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US Muslim leaders organize in response to bias, harassment

Rabiah Ahmed of the Muslim Public Affairs Council and other officials unveiled the plans Monday in Washington.
Saul Loeb/AFP/Getty Images
Rabiah Ahmed of the Muslim Public Affairs Council and other officials unveiled the plans Monday in Washington.

WASHINGTON — American Muslim leaders are planning voter registration drives and open-house days at mosques to fight a rise in anti-Muslim harassment.

US Muslim leaders also pledged to counter recruitment efforts by extremists, such as those conducted by the Islamic State.

The plans were announced Monday in Washington, one day after an emergency summit on anti-Muslim bias that drew about 100 leaders from across the country.

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Among the participants were the Council on American-Islamic Relations, the Islamic Society of North America, and the Muslim Public Affairs Council. Organizers say they will work with civil rights and interfaith groups to try to defeat politicians with bigoted views.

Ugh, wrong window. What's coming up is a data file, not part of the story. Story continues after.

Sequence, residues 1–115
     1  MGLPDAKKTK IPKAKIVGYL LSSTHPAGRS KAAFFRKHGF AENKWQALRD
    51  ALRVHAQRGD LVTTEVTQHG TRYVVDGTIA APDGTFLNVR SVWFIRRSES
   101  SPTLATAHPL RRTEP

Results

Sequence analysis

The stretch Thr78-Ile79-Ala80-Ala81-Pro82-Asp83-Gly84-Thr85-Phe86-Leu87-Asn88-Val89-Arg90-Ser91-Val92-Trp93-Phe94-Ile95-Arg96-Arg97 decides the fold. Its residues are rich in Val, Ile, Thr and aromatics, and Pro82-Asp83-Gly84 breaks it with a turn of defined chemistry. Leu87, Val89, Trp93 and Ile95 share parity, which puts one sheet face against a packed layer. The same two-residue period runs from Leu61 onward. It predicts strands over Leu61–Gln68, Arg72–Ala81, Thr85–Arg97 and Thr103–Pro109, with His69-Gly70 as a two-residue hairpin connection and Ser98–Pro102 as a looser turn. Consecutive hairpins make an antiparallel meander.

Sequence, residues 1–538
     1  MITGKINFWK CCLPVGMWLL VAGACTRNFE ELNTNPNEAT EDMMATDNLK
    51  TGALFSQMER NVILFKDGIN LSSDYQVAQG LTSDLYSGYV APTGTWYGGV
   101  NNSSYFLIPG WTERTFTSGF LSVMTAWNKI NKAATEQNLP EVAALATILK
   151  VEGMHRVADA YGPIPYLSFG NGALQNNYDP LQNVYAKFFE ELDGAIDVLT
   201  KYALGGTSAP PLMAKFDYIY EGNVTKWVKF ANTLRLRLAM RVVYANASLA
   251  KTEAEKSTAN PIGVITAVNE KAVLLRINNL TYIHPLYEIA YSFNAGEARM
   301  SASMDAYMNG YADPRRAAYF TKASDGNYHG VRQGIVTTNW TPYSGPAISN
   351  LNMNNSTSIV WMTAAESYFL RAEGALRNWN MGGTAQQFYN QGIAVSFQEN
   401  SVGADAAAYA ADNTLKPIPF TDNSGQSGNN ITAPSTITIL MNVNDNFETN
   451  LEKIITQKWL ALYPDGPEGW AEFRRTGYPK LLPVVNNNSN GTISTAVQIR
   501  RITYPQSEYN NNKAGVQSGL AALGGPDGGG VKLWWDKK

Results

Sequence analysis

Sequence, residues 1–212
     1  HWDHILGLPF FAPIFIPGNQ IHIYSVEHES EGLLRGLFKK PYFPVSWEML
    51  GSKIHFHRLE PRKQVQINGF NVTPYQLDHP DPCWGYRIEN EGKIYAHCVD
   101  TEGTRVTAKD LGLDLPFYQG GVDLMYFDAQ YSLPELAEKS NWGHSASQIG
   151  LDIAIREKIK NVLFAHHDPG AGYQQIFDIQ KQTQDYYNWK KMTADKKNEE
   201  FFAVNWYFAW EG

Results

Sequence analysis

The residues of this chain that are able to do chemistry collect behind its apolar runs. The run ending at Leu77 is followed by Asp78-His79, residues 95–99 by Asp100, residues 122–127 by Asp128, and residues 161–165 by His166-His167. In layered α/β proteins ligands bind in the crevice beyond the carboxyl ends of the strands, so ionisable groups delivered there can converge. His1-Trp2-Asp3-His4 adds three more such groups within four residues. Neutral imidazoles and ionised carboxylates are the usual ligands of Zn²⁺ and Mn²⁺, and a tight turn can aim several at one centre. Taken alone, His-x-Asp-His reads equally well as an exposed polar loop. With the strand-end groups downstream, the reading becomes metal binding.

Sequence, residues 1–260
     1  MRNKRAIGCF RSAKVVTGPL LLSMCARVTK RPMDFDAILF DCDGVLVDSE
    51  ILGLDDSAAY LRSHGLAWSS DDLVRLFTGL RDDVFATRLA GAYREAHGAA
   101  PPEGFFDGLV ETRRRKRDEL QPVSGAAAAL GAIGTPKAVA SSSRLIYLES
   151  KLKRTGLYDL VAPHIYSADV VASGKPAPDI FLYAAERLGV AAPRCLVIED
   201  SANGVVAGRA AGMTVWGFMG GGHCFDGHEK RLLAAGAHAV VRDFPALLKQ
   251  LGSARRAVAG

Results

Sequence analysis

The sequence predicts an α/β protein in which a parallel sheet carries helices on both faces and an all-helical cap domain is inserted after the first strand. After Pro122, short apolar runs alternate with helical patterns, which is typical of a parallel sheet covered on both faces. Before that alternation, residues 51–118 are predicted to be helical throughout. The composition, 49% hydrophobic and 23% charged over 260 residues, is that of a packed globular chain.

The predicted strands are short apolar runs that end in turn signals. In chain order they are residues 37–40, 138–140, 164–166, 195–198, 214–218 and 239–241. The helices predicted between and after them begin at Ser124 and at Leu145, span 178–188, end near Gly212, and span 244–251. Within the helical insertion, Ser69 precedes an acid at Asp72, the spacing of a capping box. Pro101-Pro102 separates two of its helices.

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The recent backlash against Muslims follows Islamic extremist attacks in Paris and San Bernardino, Calif., and remarks by Donald Trump and other presidential candidates.

In Richmond, Calif., over the weekend, bomb squad crews safely detonated a possible explosive device at a house and arrested an occupant in connection with threats against Muslim people.

Police received a tip that a man had said he wanted to harm Muslim community members, the Contra Costa Times reported.

Detectives said the man might have made an explosive device at his home.

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Authorities evacuated nearby houses Sunday before serving a search warrant at the man’s house and destroying the suspected device.

Police said the man was arrested without incident. His name and age were not released.

Associated Press